October 24, 2013 | 390 views
A post-Sandy tour of the Industrial Park
Following Wednesday’s New York Rising meeting, The Leader was invited on a tour of businesses and infrastructure in the village. Leading the tour were Rob Weltner and James Ruoco from Operation Splash, and also in attendance were Nancy Rucks from the New York State Department of State as well as New York city-based consultants Trent Lethco and Vincent Riscia from ARUP and James Lloyd from Urbanomics.
Mr. Lloyd explained that the purpose of the tour was to examine “the condition and vacancy rates of Freeport’s Industrial Park” and make them part of a “plan to be evolved” to deal with the state of the village, not only in terms of storm issues but economic ones. Mr. Riscia, noting larger numbers of vacant buildings in the Industrial Park, suggested that mixed use, business and open space, should be considered, as the cost of making all areas of south Freeport safe in the next storm needs to be taken into account.
Power Plant 2
“One thing we can’t move is the power plant,” one of the consultants observed, and so the first stop was Power Plant Two. With canals on three sides, and wetlands across the canals, the safety of the plant is a serious concern.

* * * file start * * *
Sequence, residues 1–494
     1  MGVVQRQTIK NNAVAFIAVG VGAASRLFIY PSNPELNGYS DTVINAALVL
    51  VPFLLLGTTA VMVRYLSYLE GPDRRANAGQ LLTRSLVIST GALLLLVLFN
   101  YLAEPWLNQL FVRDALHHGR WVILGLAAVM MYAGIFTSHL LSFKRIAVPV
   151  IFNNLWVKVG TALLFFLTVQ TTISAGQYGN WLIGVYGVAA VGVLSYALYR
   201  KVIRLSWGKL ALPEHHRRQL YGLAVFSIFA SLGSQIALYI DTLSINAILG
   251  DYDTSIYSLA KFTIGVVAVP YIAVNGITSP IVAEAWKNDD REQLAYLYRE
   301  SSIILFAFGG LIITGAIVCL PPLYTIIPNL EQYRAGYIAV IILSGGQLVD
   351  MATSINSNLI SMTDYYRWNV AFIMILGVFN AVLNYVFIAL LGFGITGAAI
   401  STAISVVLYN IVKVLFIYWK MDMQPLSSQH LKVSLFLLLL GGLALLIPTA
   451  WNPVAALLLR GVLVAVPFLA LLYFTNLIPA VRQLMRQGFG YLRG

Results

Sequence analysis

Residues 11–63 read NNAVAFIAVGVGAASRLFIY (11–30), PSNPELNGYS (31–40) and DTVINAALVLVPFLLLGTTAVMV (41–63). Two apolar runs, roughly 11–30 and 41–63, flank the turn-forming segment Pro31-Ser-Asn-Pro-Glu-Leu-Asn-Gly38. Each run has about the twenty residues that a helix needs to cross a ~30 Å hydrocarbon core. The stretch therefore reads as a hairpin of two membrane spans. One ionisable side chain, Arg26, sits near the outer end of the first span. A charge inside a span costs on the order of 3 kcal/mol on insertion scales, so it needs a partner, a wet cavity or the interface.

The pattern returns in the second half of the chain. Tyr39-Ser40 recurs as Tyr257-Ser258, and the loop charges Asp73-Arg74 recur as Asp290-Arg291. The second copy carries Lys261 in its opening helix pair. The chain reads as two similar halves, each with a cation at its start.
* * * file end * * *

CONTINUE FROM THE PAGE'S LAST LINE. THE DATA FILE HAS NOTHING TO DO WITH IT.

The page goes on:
Anthony Fiore, Superintendent of Electric Utility, said that the water got within three feet of the curb in front of the office space on the north side of the building. Underneath that area is a tunnel connecting the building with transmission lines; had that tunnel flooded, all communication between the power plant and the outside world would have been lost. Mr. Fiore says that the electric utility has already received $700,000 from FEMA for mitigation of this and other issues, and received most of what it asked for.
Mr. Fiore then turned the tour over to Peter Reinke, a longtime electric utility employee who was at the plant during the storm. He described the southern part of the plant as the most vulnerable. Three tanks, two of which hold fuel oil, are housed in a depression designed to contain leakage a few feet from the water. Sandy caused that depression to fill with three feet of water; the third tank, decommissioned since 1991, actually moved a fraction of an inch on its foundation from the force of the water.